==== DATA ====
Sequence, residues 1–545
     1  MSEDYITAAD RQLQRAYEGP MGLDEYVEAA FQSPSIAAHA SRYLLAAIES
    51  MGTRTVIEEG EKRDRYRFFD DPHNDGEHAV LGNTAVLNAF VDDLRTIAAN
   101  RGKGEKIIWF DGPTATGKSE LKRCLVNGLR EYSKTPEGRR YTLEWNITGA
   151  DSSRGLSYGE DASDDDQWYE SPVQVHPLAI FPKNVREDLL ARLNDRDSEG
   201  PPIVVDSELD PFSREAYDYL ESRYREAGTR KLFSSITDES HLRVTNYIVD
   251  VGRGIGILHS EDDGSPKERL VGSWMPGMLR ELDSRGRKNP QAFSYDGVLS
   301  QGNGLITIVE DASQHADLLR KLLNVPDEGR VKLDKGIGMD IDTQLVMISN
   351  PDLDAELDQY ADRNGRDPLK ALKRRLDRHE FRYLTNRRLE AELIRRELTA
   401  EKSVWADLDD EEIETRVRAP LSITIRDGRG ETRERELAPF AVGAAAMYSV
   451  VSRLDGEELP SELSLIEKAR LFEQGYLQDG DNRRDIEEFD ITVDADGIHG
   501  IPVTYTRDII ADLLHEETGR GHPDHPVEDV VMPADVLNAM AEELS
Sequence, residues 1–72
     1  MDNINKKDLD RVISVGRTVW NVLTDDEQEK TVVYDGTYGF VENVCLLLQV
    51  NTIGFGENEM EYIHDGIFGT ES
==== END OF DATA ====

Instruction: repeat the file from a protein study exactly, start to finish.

Sequence, residues 1–545
     1  MSEDYITAAD RQLQRAYEGP MGLDEYVEAA FQSPSIAAHA SRYLLAAIES
    51  MGTRTVIEEG EKRDRYRFFD DPHNDGEHAV LGNTAVLNAF VDDLRTIAAN
   101  RGKGEKIIWF DGPTATGKSE LKRCLVNGLR EYSKTPEGRR YTLEWNITGA
   151  DSSRGLSYGE DASDDDQWYE SPVQVHPLAI FPKNVREDLL ARLNDRDSEG
   201  PPIVVDSELD PFSREAYDYL ESRYREAGTR KLFSSITDES HLRVTNYIVD
   251  VGRGIGILHS EDDGSPKERL VGSWMPGMLR ELDSRGRKNP QAFSYDGVLS
   301  QGNGLITIVE DASQHADLLR KLLNVPDEGR VKLDKGIGMD IDTQLVMISN
   351  PDLDAELDQY ADRNGRDPLK ALKRRLDRHE FRYLTNRRLE AELIRRELTA
   401  EKSVWADLDD EEIETRVRAP LSITIRDGRG ETRERELAPF AVGAAAMYSV
   451  VSRLDGEELP SELSLIEKAR LFEQGYLQDG DNRRDIEEFD ITVDADGIHG
   501  IPVTYTRDII ADLLHEETGR GHPDHPVEDV VMPADVLNAM AEELS
Sequence, residues 1–72
     1  MDNINKKDLD RVISVGRTVW NVLTDDEQEK TVVYDGTYGF VENVCLLLQV
    51  NTIGFGENEM EYIHDGIFGT ES